Asymmetrical historical comparison: The case of the German Sonderweg (Modern German history, interpretation)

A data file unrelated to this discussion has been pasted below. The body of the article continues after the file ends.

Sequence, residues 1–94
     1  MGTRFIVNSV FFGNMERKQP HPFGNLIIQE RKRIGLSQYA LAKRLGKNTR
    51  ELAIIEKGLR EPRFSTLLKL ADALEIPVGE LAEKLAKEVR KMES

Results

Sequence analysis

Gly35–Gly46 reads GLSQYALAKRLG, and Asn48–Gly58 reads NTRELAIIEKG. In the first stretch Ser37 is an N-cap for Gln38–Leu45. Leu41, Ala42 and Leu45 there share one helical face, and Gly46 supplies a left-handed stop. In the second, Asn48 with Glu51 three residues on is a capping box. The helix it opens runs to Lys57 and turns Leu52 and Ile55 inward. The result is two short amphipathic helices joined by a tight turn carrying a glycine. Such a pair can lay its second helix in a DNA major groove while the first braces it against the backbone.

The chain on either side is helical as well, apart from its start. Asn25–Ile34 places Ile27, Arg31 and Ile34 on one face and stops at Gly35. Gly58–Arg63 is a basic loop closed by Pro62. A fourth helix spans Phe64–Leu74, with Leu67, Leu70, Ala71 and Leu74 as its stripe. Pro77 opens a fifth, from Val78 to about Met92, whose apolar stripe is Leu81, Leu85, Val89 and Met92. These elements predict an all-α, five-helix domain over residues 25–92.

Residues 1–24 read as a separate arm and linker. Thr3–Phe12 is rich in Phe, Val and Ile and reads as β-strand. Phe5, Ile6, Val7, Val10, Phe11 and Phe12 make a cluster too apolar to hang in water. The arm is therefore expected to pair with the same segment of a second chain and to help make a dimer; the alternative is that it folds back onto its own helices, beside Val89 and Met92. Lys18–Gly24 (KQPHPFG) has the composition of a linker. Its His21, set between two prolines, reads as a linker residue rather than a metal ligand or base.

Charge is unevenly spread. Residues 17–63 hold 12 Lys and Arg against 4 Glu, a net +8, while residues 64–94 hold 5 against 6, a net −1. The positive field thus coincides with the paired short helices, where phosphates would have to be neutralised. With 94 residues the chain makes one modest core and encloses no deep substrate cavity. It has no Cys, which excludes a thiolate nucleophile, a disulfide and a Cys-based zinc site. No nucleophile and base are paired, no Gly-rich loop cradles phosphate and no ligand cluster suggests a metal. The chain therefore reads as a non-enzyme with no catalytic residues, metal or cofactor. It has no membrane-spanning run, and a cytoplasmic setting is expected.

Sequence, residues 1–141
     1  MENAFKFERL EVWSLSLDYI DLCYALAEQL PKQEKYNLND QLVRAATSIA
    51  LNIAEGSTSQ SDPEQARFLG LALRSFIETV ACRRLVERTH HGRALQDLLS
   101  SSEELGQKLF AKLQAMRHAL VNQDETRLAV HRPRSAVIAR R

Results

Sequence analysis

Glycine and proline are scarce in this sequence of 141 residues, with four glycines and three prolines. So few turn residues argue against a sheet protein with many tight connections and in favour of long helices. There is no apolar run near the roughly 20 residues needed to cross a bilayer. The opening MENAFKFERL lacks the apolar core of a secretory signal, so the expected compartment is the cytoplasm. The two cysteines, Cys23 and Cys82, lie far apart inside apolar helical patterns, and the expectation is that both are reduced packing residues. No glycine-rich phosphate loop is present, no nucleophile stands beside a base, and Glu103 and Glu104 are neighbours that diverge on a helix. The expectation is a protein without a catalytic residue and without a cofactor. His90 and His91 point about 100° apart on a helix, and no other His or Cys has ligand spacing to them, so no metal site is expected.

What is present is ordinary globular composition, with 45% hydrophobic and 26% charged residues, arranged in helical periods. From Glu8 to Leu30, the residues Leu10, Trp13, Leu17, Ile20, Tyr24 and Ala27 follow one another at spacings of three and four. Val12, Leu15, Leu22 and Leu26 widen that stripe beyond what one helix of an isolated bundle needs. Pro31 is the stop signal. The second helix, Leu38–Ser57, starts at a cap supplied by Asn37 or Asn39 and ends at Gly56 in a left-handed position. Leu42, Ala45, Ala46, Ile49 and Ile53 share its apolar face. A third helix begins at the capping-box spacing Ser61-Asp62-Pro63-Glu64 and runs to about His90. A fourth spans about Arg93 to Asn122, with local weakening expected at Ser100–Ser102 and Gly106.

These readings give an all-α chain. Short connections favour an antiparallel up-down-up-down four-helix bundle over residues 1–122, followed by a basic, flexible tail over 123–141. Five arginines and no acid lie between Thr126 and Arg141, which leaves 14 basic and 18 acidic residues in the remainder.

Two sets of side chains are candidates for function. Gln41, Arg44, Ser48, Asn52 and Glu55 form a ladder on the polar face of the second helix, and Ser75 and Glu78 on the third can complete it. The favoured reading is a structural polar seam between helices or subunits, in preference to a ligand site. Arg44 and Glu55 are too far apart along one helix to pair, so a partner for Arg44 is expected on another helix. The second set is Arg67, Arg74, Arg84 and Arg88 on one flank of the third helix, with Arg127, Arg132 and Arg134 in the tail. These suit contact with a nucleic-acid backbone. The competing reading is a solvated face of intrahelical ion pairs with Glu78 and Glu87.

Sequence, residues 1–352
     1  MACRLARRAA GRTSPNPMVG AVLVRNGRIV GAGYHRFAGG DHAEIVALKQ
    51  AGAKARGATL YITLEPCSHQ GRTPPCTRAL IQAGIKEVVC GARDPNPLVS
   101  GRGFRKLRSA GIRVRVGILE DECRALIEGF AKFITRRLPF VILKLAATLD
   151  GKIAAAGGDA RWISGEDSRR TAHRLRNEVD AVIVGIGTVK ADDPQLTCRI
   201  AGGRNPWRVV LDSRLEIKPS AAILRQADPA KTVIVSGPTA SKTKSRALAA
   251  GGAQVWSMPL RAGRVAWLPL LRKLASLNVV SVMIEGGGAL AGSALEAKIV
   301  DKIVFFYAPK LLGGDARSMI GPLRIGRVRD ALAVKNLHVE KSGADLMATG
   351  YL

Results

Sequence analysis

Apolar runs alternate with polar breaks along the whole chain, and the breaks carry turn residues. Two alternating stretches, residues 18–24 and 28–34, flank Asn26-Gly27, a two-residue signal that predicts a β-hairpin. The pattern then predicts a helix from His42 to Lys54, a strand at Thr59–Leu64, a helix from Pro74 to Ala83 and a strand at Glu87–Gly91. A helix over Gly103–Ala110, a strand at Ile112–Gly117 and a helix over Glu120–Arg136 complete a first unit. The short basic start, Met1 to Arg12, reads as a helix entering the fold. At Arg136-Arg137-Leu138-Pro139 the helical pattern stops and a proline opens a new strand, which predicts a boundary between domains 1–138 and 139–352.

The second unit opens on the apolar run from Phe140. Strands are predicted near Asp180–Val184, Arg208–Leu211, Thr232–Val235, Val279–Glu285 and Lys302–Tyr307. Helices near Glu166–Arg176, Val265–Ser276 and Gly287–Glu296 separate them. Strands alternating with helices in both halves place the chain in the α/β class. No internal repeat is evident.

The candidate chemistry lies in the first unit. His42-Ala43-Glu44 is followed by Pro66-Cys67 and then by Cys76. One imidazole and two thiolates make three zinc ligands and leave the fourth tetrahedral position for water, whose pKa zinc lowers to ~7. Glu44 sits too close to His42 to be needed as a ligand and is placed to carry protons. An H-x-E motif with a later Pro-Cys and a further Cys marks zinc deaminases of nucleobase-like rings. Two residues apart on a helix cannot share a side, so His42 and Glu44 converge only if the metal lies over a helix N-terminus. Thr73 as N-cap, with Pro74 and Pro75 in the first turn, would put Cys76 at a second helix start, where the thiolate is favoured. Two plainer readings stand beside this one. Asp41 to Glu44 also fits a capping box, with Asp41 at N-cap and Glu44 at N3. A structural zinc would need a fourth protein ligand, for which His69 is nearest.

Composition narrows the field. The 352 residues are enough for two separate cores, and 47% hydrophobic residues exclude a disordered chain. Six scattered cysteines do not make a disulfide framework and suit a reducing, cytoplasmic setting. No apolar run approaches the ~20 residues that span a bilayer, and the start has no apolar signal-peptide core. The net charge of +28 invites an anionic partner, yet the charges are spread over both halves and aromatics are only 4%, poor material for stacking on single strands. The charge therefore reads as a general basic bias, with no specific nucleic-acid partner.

Frequently, historical comparisons are asymmetrical in the sense that they investigate one case carefully while limiting themselves to a mere sketch of the other case(s) which serve(s) as comparative reference point(s). The debate on the German Sonderweg (special path) and the rich historical literature originating from this debate can serve as examples. This article reconstructs the pros and cons within this controversial debate, reports its results and puts it into a broader historical context. It analyzes the comparative logic implied by the Sonderweg thesis and argues that the interpretation of modern German history in the sense of a Sonderweg can only be maintained if related to the question why Germany turned fascist and totalitarian in the interwar period while other (comparable) societies did not, and if Western countries are selected as units of comparison. The choice of comparative reference points turns out to be decisive and partly dependent on normative priorities and conventions. The article points to dangers and opportunities inherent in asymmetrical comparison.